From time to time I get questions from friends or followers of my blog about the third stage of the Foreign Service Exam: The Oral Assessment.
My best advice for the Orals is to make sure that you don't over-think it. Have you read much about how it is organized? On the State Department Careers website, you can read about the 13 dimensions that the testers look for.
There are three major parts to the Oral Assessment: a group exercise, individual interviews, and a timed writing test. The group exercise is the one that probably needs the most explanation.
The group exercise is a simulation of what it is like to work in a group in an Embassy. The group has to decide which projects get funded (or some similar scenario) while the testers sit in the corners of the room taking notes. Before I took the test, I had heard that it was a good idea to volunteer to be timekeeper, notekeeper, moderator, etc. But I actually didn't volunteer for any of those roles, and my project did not get "selected," so don't believe everything you read on the internet. It's how you act and articulate that really matters. Think about the pros and cons of your project and explain them clearly and carefully. I noticed that many people during the group exercise had a lot of trouble expressing themselves. One thing I did was ask other people for clarification. I took notes while other people were speaking. And I made sure that my body language was open (you know, facing the people talking, nodding, etc.). The group exercise is not just about making a speech and then "phew its over." You need to be engaged the whole time, but not in a bossy and aggressive way.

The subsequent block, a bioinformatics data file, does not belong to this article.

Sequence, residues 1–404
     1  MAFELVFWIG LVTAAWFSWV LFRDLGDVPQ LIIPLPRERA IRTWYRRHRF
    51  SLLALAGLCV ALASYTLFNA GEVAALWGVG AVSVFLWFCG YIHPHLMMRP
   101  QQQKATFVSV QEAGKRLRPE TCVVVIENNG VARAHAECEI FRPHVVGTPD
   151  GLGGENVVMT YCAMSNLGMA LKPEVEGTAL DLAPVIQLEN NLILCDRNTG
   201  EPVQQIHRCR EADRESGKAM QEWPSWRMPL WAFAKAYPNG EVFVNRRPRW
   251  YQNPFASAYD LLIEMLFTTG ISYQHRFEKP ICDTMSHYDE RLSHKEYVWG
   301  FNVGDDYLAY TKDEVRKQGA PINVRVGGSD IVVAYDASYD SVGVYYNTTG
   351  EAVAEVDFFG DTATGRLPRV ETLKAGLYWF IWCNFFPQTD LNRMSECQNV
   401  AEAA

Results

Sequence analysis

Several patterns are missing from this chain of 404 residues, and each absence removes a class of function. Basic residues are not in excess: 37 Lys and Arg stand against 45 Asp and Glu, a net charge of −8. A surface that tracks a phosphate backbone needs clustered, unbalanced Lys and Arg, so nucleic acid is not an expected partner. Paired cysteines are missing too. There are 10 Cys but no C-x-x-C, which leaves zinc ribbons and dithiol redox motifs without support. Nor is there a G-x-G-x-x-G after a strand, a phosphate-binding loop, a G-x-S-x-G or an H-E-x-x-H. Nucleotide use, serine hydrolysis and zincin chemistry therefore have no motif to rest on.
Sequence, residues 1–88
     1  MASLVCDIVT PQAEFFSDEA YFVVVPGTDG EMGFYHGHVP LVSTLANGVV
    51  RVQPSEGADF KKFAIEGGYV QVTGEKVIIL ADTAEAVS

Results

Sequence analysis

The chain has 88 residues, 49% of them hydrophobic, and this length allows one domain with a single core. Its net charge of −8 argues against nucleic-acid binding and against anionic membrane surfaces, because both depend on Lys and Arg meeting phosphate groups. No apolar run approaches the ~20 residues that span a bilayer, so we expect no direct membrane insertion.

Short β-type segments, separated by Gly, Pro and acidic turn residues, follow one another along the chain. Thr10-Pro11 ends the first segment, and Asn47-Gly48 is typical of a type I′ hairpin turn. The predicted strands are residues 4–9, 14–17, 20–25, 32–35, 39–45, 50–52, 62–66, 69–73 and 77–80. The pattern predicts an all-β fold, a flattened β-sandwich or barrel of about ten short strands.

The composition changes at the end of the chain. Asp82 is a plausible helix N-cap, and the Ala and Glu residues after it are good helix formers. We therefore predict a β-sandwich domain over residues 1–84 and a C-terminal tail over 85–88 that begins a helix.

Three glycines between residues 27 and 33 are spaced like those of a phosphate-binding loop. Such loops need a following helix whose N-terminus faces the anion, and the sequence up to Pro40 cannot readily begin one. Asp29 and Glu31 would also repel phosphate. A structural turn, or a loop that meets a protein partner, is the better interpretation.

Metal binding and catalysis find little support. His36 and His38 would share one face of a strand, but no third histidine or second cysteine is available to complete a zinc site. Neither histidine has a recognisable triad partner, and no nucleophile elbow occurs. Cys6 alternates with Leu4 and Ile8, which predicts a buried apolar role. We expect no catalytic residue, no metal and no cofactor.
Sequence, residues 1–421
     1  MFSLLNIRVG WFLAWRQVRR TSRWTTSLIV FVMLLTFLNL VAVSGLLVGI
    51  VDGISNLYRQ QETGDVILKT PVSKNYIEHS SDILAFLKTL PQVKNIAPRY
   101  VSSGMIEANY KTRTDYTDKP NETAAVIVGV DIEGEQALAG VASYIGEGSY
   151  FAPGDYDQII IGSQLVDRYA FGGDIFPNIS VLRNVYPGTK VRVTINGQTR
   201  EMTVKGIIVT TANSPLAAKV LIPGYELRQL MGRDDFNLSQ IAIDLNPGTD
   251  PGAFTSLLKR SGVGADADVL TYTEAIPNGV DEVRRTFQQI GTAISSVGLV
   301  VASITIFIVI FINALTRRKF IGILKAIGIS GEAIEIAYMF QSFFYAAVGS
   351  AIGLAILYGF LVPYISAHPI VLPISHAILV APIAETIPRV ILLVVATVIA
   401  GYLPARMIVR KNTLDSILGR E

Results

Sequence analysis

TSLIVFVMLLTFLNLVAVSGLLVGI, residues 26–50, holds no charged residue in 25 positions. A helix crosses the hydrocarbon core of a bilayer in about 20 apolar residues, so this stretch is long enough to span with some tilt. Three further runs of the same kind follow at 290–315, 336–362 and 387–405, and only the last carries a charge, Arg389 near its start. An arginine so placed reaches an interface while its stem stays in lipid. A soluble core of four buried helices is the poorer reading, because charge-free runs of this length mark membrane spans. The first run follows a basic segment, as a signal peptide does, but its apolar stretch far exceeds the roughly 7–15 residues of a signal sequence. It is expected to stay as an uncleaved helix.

I imagined, if I were posted to some small African country, who would I want to be stuck with? This is probably going through the testers minds. I've sat in on some real-life grants meetings where people are arguing which projects should get funded--so the skills you demonstrate in this test will be applicable in the job. You want to show that you are not only articulate and smart, but also a good listener and a well-balanced person. I know it sounds goofy, but it helped me to think about it that way.
For the day of the test, I packed my own lunch, and I was glad that I had brought something healthy to eat. Some people bring snacks for their fellow testers. Don't do anything that is severely out of character, but do what will make you the most comfortable. A lot of people chatted with each other in between tests (the tests are short and intense and there is a lot of down time), but I sat and read a magazine to decompress.
I hope this helps and good luck to you, dear friends!! If you have any more questions please let me know.
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